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First Person

Nuclear Studies Institute, a Life-Changing Experience

By Jonathan Muniz, BA International Studies ‘15

Photo of the A-Bomb Dome in Hiroshima by Jonathan Muniz. It is the building closest to the hypocenter of the nuclear bomb that remained at least partially standing.

Photo of the A-Bomb Dome in Hiroshima by Jonathan Muniz. It is the building closest to the hypocenter of the nuclear bomb that remained at least partially standing.

Throughout my academic career, the topic of nuclear proliferation has always held some degree of interest. As someone who aspired to attain public office, I always knew I would need to understand the topic in some form or another. Naturally, when I stumbled upon the Nuclear Studies Institute at American University, I pounced on the opportunity.  Little did I know the trip would enlighten me to such a degree that my outlook and perception of the world would forever be changed. 

As a member of the Institute, we traveled to Japan and visited Hiroshima, Nagasaki, and Kyoto, some of the most famous destinations in Japan. As part of its core mission, the Institute explains the history of the nuclear arms race, from the dropping of the nuclear bombs on Hiroshima and Nagasaki, to current efforts to curb the spread of nuclear weapons. From the start of the trip, I was a bit skeptical of the mission the Institute sought to accomplish, which was first and foremost, to rid the world of nuclear weapons.  As someone who participates in Army ROTC at Georgetown, and who also aspires to be a military officer, I had grown to see nuclear weapons as a symbol of American power. A weapon that helps keep the world in line. Boy, was I in for a surprise.

The Institute’s trip coincided with an anniversary of when the weapons were used in Hiroshima and Nagasaki. We were able to attend multiple national ceremonies which included monumental figures such as the Japanese Prime Minister Naoto Kan and Secretary General of the United Nations Ban Ki Moon. History professor and Institute director Peter Kuznick gave a heavily attended public lecture in Nagasaki about the atomic bomb decision. Being in the cities where hundred of thousands of people were killed from two bombs had a profound affect on me. Listening to the testimony of Hibakushas, survivors of the bombings whose name in Japanese literally translates to "explosion-affected people," was an eye-opening experience. I never thought I would hear a person say they “held there dying mother and watched her crumble to dust.” 

Japan has countless museums that offer you a glimpse into the past, helping you to realize the full effects of nuclear war. One of my favorite things about the country is how many peace museums they have. I have never in my entire life seen a peace museum in the United States. I was also surprised by the fact that all the Japanese people I came into contact with have no ill feelings toward the US; they simply wished to work with America to achieve a nuclear free world.  I always thought they would harbor at least some degree of animosity, but it almost seems as if they blamed themselves for starting the conflict that would unleash hell on their country.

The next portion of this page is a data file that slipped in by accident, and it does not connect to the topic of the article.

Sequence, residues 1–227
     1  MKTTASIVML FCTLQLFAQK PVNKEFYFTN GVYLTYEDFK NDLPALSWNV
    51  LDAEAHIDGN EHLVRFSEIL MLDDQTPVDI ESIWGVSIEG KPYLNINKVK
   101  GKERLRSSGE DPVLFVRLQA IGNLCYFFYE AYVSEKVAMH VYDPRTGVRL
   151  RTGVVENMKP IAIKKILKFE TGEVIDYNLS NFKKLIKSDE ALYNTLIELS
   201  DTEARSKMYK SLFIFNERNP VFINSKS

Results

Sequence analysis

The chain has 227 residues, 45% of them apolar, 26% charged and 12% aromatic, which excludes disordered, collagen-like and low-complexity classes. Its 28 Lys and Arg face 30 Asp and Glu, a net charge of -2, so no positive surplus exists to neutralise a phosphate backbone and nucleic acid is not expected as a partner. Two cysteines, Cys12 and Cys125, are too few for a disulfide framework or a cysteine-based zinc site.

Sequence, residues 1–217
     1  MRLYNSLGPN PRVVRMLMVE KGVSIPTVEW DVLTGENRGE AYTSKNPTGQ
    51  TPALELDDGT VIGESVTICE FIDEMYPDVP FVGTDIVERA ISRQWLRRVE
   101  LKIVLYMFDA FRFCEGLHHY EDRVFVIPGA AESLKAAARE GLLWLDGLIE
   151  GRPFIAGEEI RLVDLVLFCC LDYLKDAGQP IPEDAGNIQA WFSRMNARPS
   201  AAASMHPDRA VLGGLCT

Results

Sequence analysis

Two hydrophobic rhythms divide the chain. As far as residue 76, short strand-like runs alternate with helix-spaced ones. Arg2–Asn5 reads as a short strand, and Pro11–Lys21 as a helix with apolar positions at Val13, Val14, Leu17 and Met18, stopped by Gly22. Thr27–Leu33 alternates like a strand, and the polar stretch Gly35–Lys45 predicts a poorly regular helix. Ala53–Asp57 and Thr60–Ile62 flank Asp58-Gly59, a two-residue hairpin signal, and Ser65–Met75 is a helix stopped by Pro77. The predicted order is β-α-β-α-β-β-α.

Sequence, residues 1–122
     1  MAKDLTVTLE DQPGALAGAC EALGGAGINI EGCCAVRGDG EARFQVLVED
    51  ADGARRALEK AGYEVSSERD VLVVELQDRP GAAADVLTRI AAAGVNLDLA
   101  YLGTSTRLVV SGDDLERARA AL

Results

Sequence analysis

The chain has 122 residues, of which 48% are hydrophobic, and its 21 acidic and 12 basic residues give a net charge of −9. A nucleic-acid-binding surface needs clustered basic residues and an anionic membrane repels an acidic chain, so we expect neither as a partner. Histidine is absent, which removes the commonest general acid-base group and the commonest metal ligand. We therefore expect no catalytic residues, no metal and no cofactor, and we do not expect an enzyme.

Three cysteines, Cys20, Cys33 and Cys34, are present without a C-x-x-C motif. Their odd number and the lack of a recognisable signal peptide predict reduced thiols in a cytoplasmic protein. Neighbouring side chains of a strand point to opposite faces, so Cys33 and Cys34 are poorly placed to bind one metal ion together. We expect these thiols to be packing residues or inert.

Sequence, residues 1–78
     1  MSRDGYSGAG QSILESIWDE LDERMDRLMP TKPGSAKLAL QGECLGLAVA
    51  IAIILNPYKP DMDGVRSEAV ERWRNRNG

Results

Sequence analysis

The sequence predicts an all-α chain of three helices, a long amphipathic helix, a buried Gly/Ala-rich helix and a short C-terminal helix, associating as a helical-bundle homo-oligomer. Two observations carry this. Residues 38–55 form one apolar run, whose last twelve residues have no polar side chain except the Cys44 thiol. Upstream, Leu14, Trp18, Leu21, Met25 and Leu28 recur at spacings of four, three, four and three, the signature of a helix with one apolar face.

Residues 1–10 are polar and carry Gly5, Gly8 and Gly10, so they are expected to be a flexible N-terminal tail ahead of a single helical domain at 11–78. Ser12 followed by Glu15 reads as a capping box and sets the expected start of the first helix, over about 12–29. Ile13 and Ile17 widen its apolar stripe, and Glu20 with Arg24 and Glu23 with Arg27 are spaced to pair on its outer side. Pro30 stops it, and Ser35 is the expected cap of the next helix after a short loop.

The Institute provided a wonderful opportunity to get to know students from different countries and backgrounds. The AU students traveled and studied with an equally large group of students and professors from Japan's Ritsumeikan and Asia Pacific Universities. Our combined group included, in addition to the Americans and Japanese, six Chinese and one Korean, one Vietnamese, and one Brazilian. Among the Japanese were two medical students from Fukushima. The AU contingent included two naval officers, one of whom works on nuclear subs and the other who is a helicopter pilot who participated in the Fukushima rescue, an evangelical Baptist minister, two history professors from other universities, a large number of history graduate students, and several undergraduates from varied disciplines. One of the Hibakusha, Koko Tanimoto Kondo, who actually graduated from AU in 1969, travels with the group each year the entire time the AU students are in Japan.

As the trip came to a close, I found myself wishing more and more to help take part in achieving this nuclear free world, yet I have always seen myself as a realist and know that this will be much harder then it seems. The alternative option is to accept a world where millions of people can be wiped out with a single bomb, where the environment can be ruined for decades if not centuries from a small argument. The task winds down to those involved with the international community to find some way to make this idealist dream a reality. With countries such as Iran or North Korea coming closer to acquiring the very thing this Institute has shown me is wrong, and with no way of holding them accountable, this movement holds little hope. With the largest International Studies School in the nation, I think American University owes it to the world to at least help formulate discussion, and as a student of this wonderful university, I will do my best to help bring about this change.   

Twelve days ago nuclear weapons were the farthest thing in my mind, but today it seems to be the only thing I can focus on. I sincerely urge students to take part in this trip.  I personally assure you, you will thank yourself. The friends I made over this trip, and the unforgettable memories I have formed on this trip will follow me forever, and in hindsight I can imagine no better way to spend the last weeks of my summer.